GoPro has announced the GoPro HERO 10 camera today. It promises a totally new user experience with a brand new GP2 processor and 4K at 120fps.
It's September once again, and that means it's new GoPro time! One thing GoPro can't be accused of is failing to create a buzz around its products. A new GoPro doesn't just mean a new camera; it also means a new highlight reel full of beautiful people and beautiful locations. Yes, most of us have a face for radio, and we end up using our GoPros on a rainy day in Wales or on our local muddy MTB run, rather than free diving in tropical seas or performing loops in a stunt aircraft. But to be sure, GoPro's highlight reels are impressive.
I speculated on what might be coming for the HERO10 a few weeks back, and although I didn't get everything right, I predicted the GP2 chip, and now here it is in all its glory.
The GP2 chip has been a while coming, and it has been much needed. The inclusion of the new chip has enabled performance upgrades across the board. Let's find out what's changed and what's new.
The rear screen on the GoPro HERO10, with much improved responsiveness. Image: GoPro.
GoPro HERO10 specs
Here's a tl;dr on the HERO10 specifications:-
- GP2 Processor
- 5.3K60, 4K120, 2.7K240 video
- Video stills up to 19.6 megapixels
- 23MP stills photos
- Improved low light performance
- Local tone mapping (LTM) and 3D noise reduction (3DNR)
- HyperSmooth 4.0 video stabilisation
- 45° horizon levelling in 4K60, 2.7K120 and 1080p120 video
- Higher Frame Rates on the front display
- More Responsive rear display
- Faster content transfer
- Three ways to transfer content: cloud upload, wireless, and wired transfer to mobile devices
- New protective lens cover with hydrophobic, water-shedding design
- TimeWarp 3.0 featuring Real Speed and Half Speed
- 1080p livestream with HyperSmooth 4.0. stabilisation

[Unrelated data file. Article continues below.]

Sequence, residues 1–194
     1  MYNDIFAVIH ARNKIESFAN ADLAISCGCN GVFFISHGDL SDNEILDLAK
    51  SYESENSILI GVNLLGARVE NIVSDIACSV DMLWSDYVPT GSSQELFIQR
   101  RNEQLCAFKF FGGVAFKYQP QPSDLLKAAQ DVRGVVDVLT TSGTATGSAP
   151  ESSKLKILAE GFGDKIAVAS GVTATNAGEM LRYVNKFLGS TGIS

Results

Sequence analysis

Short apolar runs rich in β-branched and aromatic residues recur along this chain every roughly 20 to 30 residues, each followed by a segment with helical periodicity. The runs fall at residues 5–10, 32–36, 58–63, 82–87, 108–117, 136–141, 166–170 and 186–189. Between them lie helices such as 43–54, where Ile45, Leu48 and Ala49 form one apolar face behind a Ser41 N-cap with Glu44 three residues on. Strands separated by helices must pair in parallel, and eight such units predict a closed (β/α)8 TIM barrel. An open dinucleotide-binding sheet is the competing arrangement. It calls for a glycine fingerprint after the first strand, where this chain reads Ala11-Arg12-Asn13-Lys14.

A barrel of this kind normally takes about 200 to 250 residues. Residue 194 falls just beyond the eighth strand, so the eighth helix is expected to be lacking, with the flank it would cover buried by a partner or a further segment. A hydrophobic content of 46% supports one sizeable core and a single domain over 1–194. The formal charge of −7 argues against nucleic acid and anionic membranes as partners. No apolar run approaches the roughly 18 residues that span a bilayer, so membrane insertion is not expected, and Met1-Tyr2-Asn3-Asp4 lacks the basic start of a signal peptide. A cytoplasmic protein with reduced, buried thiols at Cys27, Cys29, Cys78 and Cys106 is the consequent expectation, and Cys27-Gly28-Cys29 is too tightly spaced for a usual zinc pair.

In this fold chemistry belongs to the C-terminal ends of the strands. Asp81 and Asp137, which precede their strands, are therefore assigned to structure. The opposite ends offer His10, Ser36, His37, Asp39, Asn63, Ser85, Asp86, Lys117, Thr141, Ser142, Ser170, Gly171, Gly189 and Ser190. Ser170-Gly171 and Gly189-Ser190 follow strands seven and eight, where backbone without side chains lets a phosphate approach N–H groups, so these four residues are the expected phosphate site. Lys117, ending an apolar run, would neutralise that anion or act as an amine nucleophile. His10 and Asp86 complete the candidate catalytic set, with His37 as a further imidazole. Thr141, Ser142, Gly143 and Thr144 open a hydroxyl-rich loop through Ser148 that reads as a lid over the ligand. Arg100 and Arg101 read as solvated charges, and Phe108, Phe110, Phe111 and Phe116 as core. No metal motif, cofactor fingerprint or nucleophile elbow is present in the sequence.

- Voice control with 13 commands in 11 languages + 6 accents
- 3 Microphones with advanced wind-noise reduction
- Stereo + RAW audio
- Custom presets + on-screen shortcuts
- Built-in folding mounting fingers
- Waterproof to 33ft (10m)
- Fast-charger compatible
- Compatible with Media Mod, Display Mod, Light Mod and Max Lens Mod (support coming in post-launch firmware update)
The GP2 processor and what it means
A new, faster processor in the HERO10 means several things. For a start, it allows the higher resolutions and frame rates, but it also means that the HERO10 should offer a much-improved user experience over the HERO9, which came in for some criticism over its sometimes laggy interface. The GP2 should change all that, with GoPro emphasising faster responsiveness and much faster power-up times. With any luck, it should also mean far faster saving of SuperPhoto and raw images.
The GP2 should also mean higher quality images in general. GoPro told us that it has enabled new algorithms that give video capture local tone mapping and new 3D noise reduction to improve low light performance. Additionally, the new processor means that the frame rate on the front-facing display is hugely increased during recording.
The front screen on the GoPro HERO10 has a higher refresh rate thanks to the GP2 processor. Image: GoPro.
23.6MP image sensor
The HERO10 records higher resolution video than the HERO9, with up to 5.3K at 60fps possible. But the higher resolution does not necessarily mean a new sensor. In fact, the sensor inside the HERO10 is highly likely to be the same IMX677 chip found inside the HERO9. All of the latest headline resolutions and framerates are well within that chip's capabilities.
It wouldn't have made sense for GoPro to move to a new chip after only moving to the IMX677 with the HERO9. It's a good demonstration of what a better processor can give you.